Such a narrative grants to us community based in personal security and measured reciprocity. That is not nothing, especially to those who have lived without it. But it does not reckon with the uncertainty recommenced in every scene of communication, nor with the ways in which old traumas may resurface regardless of what is willed in the freedom of reasoned volition, and how those resurfacings will be communicated to others in ways intended and unintended, causing ripples and informing relationships.
Two moments with a newspaper may illustrate this point: (1) Mrs. Kondile, waking up one day to a story about an investigation and discovering graphic details about the torture and murder of her son ten years earlier; and (2) Jean Améry, twenty years after he was released from Bergen-Belsen, reading a letter to the editor from a young German who writes that his generation is “sick and tired of hearing again and again that our fathers killed six million Jews.”30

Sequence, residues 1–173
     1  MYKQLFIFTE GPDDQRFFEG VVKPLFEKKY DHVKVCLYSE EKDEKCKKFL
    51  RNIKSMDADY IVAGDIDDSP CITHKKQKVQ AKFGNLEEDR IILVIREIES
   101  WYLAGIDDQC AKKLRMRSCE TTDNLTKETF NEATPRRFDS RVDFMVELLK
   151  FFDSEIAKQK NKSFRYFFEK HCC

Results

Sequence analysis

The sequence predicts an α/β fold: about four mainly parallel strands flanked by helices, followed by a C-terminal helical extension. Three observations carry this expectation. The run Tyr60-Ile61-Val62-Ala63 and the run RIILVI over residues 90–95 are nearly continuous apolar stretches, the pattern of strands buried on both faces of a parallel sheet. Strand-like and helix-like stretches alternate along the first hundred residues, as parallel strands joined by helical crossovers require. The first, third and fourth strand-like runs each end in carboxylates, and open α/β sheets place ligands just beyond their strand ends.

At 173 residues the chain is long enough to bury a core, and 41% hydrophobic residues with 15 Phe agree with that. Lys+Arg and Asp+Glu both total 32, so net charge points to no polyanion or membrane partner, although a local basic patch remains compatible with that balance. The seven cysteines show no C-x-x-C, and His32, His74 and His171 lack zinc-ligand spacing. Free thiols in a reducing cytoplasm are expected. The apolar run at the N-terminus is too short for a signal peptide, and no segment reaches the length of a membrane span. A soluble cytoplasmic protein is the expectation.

Transitional justice aims to create a certain kind of present moment, one that does justice to a past that requires redress while opening up a future that isn’t fully determined by past harms. Accordingly, among its many duties, a prominent one is coming up with a good accounting of the truth. But what is “the truth” in a scene of reconciliation?